The smoke is fading
before the light
the dead are coming back to life.
He has made a way for us
born for glory out of dust
children held within the arms of peace.
He has made a way for all
mercy waits where sinners fall
He is our victory.”
This song stuck with me for days. Days!
It played over and over in my head. The more I listened to it, the deeper it imbedded itself into my heart.
“The war is over, turn around. Lay your weapons on the ground.”
It’s hard to type it without getting emotional.
The next day I went back to work and there was my team – greeting me with smiles and hugs and good mornings. I just didn’t understand. They wrecked my heart with love.
Later that week I was sharing with a manager friend at work how I reacted to them caring for me. She looked at me perplexed and said, “Why?! Why are you so resistant to them loving on you?”
“I don’t know.” I said.
She said so simply, “Wounded dogs bite.”
Immediately in my spirit I heard the lyrics “lay your weapons on the ground.”
I processed through for a few days and carried on.
A couple of weeks ago I felt like I needed to write about “Don’t come home beat up.” That’s all I heard in my creative mind… that’s it. So, of course, I delayed.
Tonight as I’m trying to do a million other things with my free time, I couldn’t shake that I needed to write about “don’t come home beat up.”
So here I am. Writing. And it makes perfect sense.
As soon as I started writing this blog and reliving that fight from 20 years ago, I got emotional. It’s like I’m sitting in the pain of that fight for the first time in 20 years. It wasn’t cool. I was never big and bad. I loved that girl that I got into a fight with. She was my really close friend. I cared for her. I was misunderstood and so was she. We were kids and a little ghetto and clearly didn’t know how to work through a disagreement in a healthy way.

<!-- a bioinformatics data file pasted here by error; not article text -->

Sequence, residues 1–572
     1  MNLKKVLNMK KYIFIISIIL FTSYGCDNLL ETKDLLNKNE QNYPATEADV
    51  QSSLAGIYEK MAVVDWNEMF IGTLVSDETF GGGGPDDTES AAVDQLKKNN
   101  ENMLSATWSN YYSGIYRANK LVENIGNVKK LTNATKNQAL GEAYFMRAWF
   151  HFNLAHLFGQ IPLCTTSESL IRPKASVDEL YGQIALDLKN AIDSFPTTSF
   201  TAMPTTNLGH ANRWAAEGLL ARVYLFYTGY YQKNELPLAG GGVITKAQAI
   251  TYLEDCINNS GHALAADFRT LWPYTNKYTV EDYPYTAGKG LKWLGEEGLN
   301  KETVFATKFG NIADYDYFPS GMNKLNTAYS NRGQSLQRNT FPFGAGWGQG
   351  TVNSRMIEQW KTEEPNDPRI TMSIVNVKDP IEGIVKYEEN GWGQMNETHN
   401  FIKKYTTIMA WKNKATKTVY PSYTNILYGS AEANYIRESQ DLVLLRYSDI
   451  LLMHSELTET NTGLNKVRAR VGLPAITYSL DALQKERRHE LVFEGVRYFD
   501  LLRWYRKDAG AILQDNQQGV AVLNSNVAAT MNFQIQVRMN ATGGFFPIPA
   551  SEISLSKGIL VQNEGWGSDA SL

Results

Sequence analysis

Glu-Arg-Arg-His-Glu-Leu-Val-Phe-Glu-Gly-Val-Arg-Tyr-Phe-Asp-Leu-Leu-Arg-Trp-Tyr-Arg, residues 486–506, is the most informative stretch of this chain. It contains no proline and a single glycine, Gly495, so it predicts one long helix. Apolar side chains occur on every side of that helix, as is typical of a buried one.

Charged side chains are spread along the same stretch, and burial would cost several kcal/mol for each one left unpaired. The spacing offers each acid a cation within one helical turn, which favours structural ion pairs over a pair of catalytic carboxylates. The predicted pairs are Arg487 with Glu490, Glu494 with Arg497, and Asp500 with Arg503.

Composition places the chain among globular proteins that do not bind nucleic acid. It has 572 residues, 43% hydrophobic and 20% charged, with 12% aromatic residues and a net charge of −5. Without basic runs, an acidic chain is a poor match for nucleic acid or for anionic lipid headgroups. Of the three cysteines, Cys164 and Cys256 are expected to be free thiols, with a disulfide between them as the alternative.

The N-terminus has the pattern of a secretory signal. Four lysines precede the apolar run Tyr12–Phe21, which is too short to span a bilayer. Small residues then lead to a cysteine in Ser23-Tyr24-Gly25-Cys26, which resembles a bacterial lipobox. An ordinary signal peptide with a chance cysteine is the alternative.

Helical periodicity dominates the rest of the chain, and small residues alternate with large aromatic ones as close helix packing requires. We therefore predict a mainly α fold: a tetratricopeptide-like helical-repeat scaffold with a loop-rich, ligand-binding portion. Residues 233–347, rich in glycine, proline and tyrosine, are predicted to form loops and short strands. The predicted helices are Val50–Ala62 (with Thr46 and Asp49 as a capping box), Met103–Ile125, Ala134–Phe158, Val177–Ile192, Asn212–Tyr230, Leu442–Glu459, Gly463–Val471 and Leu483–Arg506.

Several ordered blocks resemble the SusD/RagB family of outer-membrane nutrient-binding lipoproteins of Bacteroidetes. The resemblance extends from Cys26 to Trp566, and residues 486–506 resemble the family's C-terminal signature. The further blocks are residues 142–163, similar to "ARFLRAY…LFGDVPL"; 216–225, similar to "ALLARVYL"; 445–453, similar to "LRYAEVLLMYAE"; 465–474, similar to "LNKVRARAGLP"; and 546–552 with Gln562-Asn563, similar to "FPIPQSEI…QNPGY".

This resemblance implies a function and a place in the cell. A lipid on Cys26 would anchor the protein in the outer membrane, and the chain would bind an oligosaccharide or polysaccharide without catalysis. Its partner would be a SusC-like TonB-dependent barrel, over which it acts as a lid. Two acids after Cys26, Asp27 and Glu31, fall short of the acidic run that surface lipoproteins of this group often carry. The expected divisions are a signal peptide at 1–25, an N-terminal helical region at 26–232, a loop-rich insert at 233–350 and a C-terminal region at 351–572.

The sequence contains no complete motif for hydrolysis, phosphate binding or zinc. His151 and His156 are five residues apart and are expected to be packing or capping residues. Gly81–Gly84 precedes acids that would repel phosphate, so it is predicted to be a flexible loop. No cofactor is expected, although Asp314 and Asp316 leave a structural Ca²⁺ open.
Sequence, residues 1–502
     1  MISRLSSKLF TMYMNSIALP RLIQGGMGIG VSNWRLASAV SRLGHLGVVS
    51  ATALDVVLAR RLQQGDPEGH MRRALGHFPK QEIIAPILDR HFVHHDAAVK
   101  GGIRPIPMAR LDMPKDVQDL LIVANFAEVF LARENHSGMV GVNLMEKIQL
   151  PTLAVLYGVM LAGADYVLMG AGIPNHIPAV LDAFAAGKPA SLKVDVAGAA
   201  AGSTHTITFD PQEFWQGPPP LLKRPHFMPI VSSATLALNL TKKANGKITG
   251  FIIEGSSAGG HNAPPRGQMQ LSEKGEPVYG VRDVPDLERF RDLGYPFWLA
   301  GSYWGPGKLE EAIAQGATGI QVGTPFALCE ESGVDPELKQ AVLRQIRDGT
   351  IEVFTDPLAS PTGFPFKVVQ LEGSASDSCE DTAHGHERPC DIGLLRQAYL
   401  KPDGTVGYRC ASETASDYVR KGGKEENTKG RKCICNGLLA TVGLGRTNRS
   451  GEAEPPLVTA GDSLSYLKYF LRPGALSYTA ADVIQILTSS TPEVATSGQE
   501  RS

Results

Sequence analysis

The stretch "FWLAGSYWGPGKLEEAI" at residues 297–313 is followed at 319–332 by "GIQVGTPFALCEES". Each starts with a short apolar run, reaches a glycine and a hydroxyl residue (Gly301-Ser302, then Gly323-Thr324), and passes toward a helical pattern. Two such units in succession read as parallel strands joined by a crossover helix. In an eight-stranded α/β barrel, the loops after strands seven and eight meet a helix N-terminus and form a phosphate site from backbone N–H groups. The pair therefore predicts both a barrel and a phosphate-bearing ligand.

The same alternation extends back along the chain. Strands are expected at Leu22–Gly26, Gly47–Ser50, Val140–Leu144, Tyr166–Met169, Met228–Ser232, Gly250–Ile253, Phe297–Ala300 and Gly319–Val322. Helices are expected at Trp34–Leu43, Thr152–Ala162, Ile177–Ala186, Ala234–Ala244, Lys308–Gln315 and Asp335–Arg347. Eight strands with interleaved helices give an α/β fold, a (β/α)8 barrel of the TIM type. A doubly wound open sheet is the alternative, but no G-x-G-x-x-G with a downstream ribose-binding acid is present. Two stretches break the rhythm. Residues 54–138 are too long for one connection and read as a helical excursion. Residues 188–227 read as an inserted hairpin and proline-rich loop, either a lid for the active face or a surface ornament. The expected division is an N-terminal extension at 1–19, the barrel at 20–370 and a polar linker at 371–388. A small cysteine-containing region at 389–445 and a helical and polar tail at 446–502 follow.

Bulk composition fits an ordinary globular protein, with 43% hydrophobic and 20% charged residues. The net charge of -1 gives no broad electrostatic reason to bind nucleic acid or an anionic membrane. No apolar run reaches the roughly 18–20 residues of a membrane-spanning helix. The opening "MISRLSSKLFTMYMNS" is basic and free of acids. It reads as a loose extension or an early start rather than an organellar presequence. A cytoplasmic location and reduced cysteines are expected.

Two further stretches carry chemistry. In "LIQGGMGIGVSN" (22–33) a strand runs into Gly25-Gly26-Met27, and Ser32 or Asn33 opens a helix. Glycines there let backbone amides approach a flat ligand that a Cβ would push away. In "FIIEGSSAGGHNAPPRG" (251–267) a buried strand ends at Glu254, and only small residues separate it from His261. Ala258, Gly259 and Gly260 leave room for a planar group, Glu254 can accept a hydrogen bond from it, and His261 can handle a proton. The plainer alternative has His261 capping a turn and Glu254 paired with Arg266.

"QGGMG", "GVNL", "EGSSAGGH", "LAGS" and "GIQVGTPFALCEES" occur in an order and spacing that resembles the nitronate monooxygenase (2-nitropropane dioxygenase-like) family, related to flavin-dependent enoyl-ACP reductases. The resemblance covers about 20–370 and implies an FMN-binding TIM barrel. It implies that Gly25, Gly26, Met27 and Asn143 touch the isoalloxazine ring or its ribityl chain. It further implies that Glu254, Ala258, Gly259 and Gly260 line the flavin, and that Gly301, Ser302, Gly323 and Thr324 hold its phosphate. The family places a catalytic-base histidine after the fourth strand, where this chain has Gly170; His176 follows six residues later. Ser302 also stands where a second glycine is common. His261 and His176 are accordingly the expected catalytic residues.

We cussed each other out and had a physical fight.
Then when I got home and confessed the fight – instead of being taught how to properly work through the rough patches of friendships, I was told “Just punch ’em in the face” and “don’t come home beat up.”
This is why I can’t love or receive love. This freakin’ lie!
Because what if you hurt me? Which you will. You’re not going to live up to my expectations and I won’t live up to yours.
We’re going to disagree.
We’re going to annoy each other.
You’re going to see the calloused pieces of me. I’ll see the calloused pieces of you.
I don’t want to punch you in the face and I don’t want to come home beat up. So I just stay away from it all.
Then Jesus so sweetly whispers, “Lay your weapons down.” I know it’s Him. So with deep fear, I’ll go. I’ll lay the weapons down. I’ll expose my face and stop protecting. Because even if I get beat up, it’s gotta be better than this.
After all – there is no safety. Safety is an illusion. It’s a lie that keeps us isolated.
This whole ‘don’t come home beat up’ leads right back to a root of fear.
But you know what? Fear is being exposed but it’s only by laying the weapons down, exposing my own heart – that fear is being extinguished.
I have no clue what I’m doing, y’all. I’m pretty sure the ride is going to be bumpy. I’m pretty sure there are going to be moments (lots of moments) where I pick all those weapons back up. I’m going to expose my own faults in order to allow accountability and then I’m going to get extremely irritated when I’m actually held accountable.
I’m going to get beat up from time to time. I’m going to be tempted to ‘punch ’em in the face’ at some points during the journey.
But I’m going to be okay.
It’s going to be okay.
I want to live a life that is fully lived instead of playing it safe on the side lines.
I want to encourage you, if this resonates with you at all. You are not alone. You have no clue what you’re doing? Well honey, neither does anyone else!
I’ll leave you with some words of wisdom from my friend, Dori.
She’s a great listener. We shared an office at work for quite some time last year. One day as I was ‘extroverted processing’ with her (AKA flooding her ears/mind with all the jumbled up chaos in my head). I said, “Dori. I’m just a hot mess.” And in her professional, poised demeanor, she whips around in her chair, looks at me and says, “April. We’re all a hot mess. Some of us just hide it better than others.”
It was seriously one of the most comforting things that anyone has ever said to me – but it had to come from her. Dori had to deliver that message to me for it to have impact the way it did.
Her words and vulnerability let me know I was not alone in my hot messiness.
And neither are you.
So, here’s to laying our weapons down and pressing into love.
Because Love. Never. Fails.